Due to the strict guidelines teams need to follow when designing their chassis and suspension for short-course racing, you won’t see a lot of dissimilarities from truck to truck. Regardless, Michael Krahling and Trinidad Sanchez of Menzies Motorsports meticulously crafted these fine-looking upper and lower A-arms, which are limited to 18 inches of wheel travel. To keep the ride as smooth as possible, a set of Fox 3.0 four-tube piggyback reservoir 16-inch stroke bypass and 2.0 16-inch stroke coilover shocks were mounted. Screwed to the aircraft grade billet aluminum ProAm hubs are Coleman 13-inch rotors and ProAm six-piston calipers.
While flashy, vibrant colors are great for attracting the human eye, there’s no denying that simplistic, two-tone colors give off a clean, professional look. The same goes for this Boatec fiberglass Ford Raptor body. With black and white flowing flawlessly across this 4,000-lb. Pro 2, Jesse Jones’ short-course truck looks good no matter where it falls in the race lineup.
At 60 inches, this Pro-2 isn’t the typical height of your everyday truck. Then again, your everyday truck probably isn’t outfitted with a set of BFGoodrich 35-inch Mud Terrain Project tires and KMC 17-inch beadlock wheels, either.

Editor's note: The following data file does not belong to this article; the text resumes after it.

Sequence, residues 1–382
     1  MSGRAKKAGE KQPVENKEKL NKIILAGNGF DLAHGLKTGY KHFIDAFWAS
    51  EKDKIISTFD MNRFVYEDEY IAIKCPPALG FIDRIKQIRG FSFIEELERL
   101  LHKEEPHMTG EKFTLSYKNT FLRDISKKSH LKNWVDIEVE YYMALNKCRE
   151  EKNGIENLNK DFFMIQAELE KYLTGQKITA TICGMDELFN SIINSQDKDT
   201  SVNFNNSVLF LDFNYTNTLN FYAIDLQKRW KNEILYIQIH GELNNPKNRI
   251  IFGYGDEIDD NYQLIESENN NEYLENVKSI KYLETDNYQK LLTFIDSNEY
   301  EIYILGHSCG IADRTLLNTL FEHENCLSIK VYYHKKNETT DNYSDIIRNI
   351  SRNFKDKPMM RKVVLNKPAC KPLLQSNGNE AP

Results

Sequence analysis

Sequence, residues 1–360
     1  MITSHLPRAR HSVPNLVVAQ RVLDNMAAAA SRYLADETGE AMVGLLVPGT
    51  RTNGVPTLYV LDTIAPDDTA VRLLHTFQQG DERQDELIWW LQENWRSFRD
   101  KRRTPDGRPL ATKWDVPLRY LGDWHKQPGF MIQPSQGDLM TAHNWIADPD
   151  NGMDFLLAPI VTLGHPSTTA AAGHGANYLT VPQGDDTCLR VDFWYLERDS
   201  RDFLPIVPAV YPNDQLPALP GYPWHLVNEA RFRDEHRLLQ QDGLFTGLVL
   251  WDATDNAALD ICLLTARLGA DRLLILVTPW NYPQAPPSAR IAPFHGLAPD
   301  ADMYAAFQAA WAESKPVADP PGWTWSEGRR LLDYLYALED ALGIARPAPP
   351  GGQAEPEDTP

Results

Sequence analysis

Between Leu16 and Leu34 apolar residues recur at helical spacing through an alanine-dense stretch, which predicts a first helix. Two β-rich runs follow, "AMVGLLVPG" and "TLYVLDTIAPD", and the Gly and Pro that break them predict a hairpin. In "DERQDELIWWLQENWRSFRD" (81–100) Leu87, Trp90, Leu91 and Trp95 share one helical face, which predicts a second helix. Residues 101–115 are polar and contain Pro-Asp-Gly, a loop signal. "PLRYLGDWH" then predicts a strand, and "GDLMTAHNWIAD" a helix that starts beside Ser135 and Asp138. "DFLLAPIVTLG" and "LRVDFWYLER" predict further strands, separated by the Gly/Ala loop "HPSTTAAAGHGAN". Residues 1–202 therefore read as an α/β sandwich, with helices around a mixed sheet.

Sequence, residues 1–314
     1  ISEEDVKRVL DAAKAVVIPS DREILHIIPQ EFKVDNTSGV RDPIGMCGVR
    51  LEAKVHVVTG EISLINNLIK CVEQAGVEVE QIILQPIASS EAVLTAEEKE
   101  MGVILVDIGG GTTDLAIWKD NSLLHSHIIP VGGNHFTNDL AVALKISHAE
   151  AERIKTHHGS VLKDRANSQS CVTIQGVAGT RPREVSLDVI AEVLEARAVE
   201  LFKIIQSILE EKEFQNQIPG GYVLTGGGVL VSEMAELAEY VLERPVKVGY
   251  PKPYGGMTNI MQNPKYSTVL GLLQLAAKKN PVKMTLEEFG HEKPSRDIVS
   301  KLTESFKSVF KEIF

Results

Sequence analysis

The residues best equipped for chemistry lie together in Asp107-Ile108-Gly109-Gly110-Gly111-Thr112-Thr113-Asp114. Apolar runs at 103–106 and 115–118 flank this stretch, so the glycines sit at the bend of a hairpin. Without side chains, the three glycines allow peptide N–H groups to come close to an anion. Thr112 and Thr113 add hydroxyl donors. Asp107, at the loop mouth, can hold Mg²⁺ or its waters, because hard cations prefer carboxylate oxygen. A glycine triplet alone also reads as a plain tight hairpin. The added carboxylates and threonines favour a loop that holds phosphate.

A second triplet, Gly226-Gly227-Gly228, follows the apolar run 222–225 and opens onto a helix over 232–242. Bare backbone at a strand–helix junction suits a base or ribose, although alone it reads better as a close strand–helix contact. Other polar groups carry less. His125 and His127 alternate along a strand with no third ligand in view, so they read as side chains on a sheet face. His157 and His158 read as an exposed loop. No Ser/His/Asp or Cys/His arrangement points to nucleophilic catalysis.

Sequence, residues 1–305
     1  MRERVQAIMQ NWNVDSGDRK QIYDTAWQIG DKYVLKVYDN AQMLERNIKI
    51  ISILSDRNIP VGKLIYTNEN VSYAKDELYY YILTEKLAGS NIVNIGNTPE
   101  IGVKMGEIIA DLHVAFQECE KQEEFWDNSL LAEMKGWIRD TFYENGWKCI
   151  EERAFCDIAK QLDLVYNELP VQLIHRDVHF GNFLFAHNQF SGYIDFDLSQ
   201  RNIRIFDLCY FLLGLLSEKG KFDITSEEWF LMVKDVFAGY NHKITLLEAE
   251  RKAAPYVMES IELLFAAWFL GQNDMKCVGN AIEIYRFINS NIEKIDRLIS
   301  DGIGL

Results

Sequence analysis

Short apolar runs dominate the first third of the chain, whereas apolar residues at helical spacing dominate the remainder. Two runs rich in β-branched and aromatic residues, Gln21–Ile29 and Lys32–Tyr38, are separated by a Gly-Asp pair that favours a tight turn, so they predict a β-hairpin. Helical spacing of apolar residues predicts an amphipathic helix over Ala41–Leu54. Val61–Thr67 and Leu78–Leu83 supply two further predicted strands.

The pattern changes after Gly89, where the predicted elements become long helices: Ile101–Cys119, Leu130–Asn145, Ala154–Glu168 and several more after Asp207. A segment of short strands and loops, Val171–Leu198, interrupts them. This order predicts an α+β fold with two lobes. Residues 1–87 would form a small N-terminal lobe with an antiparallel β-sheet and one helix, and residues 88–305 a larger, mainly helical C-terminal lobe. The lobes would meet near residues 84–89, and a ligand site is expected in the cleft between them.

POWERTRAIN Engine: Ford 427 cubic-inch small-block V8
BUILDER: Pro Power Racing
MAX Horsepower: 900 horsepower
MAX Torque: 718 lb-ft
MODIFICATIONS: Pro Power Racing billet aluminum block and heads INDUCTION: Pro Power Racing carburetor and K&N intake TRANSMISSION: Kroyer KRE Turbo 400 three-speed transmission, Weismann underdrive
Michael Krahling designed dual A-arms with 18 inches of restricted wheel travel, Fox 3.0 five-tube bypass and 2.0 coilover shocks
Michael Krahling designed four-link with 20 inches of restricted wheel travel, Fox 3.0 five-tube bypass and 2.0 coilover shocks
CBR Performance Products radiators, EFE fans, Setrab coolers
Front:Coleman 13-inch rotors with ProAm six-piston calipers
REAR:Coleman 14-inch rotors with ProAm six-piston calipers
KMC 17-inch beadlocks
Mud Terrain Projects
BODYWORK: Boatec fiberglass Ford Raptor body
INTERIOR: Michael Krahling designed aluminum dash, MoTec ADL3 gauge, Rugged Race radio and intercom, Momo steering wheel, Mastercraft harnesses CHASSIS: Menzies Motorsports Pro 2 DIMENSIONS: Wheelbase: 117 inches Overall Length: 208 inches Overall Height: 60 inches Track Width: 91 inches Overall Weight: 4,000 lbs.